The Quintessential Karachiite: A dark world, a brighter future

Published: December 9, 2019
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Saima Shahid, who is visually impaired, has refused to let her disability come in the way of her education or independence. She hopes to publish books in braille so that others like her can get knowledge too. Photos: Express

Saima Shahid, who is visually impaired, has refused to let her disability come in the way of her education or independence. She hopes to publish books in braille so that others like her can get knowledge too. Photos: Express

KARACHI: Imagine having to go through life without seeing its vibrant colours. Imagine not being able to see not just your own features but also those of your loved ones. Imagine never observing the subtle changes in expression that give away a person’s feelings when making conversation. Never looking up to the sky to appreciate its changing colours. Never being able to see beautiful landscapes or count the stars at night. Imagine never being able to see at all.

If you can read this, you cannot even begin to imagine.

For Saima Shahid, 25, this is the hand life has dealt her. Instead of treating it as a disability, though, she has decided to take matters into her own hands and make the best of her skills to improve the quality of life, both for herself and her three siblings, two of whom are also visually impaired.

For the past three years, Saima has been writing books in the braille reading and writing system used by visually impaired people. It uses raised dots to represent the letters of the print alphabet. “It started out as a hobby,” says Saima, with a smile. “I would record cooking shows on TV channels and then write down the recipes in braille,” she reminisces.

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Seeing her commitment, one of her teachers encouraged her to start writing a book. Saima accepted the challenge and, in 2017, compiled a book comprising 23 recipes within a span of two months. The book has now been reproduced several times and is being promoted by the Blind Resource Foundation Pakistan (BRFP).

“My father reads the books to me and I type it with the help of a braille translation software by Duxbury Systems,” she explained. “My second book, which was launched in 2018, comprises 150 recipes and is spread over two editions. It is available in the market,” she added.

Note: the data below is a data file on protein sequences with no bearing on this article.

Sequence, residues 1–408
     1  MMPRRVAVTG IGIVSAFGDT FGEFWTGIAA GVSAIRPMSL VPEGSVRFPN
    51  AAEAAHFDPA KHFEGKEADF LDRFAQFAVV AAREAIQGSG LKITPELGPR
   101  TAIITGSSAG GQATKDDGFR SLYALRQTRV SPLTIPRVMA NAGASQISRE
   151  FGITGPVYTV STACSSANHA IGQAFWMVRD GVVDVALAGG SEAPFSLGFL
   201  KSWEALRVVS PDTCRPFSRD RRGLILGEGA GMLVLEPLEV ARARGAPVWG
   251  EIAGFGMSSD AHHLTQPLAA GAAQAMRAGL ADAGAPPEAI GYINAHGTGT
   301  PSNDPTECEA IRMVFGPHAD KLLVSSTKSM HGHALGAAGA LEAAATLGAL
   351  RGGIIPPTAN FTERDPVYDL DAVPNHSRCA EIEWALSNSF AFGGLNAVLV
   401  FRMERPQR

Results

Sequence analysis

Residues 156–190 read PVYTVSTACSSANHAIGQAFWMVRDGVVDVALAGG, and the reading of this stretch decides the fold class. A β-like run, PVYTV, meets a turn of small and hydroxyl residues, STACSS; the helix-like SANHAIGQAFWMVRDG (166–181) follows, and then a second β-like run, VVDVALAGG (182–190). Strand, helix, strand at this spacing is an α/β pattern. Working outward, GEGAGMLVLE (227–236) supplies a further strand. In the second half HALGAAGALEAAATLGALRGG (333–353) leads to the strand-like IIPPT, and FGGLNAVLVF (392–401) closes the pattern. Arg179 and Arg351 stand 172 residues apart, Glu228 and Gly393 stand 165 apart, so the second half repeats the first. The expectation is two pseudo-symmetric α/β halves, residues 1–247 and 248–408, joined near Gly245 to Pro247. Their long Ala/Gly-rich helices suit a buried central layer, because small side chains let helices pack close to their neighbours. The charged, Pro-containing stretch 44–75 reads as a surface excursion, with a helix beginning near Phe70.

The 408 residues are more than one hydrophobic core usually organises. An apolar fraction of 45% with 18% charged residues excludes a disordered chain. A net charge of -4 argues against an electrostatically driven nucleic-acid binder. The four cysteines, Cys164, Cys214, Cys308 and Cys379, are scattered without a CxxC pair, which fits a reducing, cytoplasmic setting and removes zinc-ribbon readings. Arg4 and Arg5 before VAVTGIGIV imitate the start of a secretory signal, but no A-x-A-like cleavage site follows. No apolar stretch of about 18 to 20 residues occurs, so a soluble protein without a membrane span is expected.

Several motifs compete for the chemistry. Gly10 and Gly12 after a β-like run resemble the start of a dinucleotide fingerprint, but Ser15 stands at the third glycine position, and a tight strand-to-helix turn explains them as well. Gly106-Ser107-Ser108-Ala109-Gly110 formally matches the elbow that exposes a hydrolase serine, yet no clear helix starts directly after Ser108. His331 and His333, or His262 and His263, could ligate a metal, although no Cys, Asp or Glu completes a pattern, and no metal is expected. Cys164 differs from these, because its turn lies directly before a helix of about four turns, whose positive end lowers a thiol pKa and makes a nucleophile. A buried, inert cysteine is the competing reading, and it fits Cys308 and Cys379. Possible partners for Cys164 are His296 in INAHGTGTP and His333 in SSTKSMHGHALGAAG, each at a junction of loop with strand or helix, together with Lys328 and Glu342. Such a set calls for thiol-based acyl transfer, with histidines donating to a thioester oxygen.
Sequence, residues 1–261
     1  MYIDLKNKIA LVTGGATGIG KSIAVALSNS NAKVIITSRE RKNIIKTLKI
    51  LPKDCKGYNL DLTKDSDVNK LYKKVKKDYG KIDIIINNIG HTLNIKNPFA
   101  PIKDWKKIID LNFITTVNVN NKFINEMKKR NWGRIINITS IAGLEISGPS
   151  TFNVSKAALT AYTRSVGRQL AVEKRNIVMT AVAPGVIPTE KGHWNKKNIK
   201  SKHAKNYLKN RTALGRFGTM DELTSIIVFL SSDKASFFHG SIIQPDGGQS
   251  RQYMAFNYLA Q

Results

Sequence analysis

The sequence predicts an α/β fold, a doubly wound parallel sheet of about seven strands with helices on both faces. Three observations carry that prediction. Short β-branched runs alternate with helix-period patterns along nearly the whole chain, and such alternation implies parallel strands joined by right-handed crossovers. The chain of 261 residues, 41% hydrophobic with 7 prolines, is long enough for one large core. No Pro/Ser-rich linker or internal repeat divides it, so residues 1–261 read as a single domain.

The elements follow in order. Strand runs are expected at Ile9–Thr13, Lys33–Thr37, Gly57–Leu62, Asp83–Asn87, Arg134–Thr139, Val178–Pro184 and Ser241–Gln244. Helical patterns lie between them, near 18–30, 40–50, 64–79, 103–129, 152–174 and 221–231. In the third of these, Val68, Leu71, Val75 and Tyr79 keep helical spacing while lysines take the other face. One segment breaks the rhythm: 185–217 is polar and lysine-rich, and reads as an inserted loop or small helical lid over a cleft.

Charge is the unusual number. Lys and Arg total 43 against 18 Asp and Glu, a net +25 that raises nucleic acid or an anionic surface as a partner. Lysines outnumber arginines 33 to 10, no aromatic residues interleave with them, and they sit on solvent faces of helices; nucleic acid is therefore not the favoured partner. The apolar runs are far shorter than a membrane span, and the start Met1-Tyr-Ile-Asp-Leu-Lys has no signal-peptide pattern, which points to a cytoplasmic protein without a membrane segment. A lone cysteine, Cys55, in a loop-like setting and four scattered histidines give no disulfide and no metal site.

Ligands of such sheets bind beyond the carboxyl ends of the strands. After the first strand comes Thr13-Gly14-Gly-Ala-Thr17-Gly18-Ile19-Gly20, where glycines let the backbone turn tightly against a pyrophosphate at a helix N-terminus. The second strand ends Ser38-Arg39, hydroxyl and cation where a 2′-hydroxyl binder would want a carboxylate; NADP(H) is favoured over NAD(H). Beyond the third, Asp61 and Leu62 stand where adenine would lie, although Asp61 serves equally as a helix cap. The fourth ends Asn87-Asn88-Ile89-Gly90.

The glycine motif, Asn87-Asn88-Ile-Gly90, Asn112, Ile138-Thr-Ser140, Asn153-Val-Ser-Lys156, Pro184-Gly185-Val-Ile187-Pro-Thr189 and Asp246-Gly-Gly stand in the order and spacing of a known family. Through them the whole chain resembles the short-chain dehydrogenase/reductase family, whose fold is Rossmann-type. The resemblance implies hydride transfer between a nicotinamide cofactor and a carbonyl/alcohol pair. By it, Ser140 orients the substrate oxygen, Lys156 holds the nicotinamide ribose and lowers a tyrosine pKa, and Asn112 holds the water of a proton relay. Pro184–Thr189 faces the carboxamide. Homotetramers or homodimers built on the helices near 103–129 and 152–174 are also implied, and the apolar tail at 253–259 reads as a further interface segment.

Saima believes that literature should be made commonly available in braille. “There should be novels, books and even newspapers written in braille to facilitate the visually impaired people,” she said, adding that the cause needed the support and assistance of the government.

“We don’t have many libraries except for audio libraries,” lamented Saima, referring to the limited options for research material available to visually-impaired persons. “The audio libraries have material related only to the curriculum. There is nothing on topics such as current affairs and other social issues,” she added.

What is braille?

According to Saima, braille comprises six dots and 63 shapes. All languages can be written in these characters. There are signs at the beginning of every text that show which language is it. “We start from the right when we write braille and from the left when we read it,” she explained.

Saima doesn’t charge anything for typing in braille, but the paper used for it is very expensive. Each page costs between Rs30 and Rs40. “The BRFP has a printing press from where the books I type are printed,” she said, adding that the organisation has also started a quarterly magazine this year. “I type short stories or articles on current affairs for the magazine.”

Future plans

A second-year student of intermediate at the Sir Syed Government Girls College, Saima hopes to work on braille and publish books related to the curriculum so that more visually impaired persons can benefit from her talent. For now, she is supported by her peers and faculty and is preparing to graduate this year.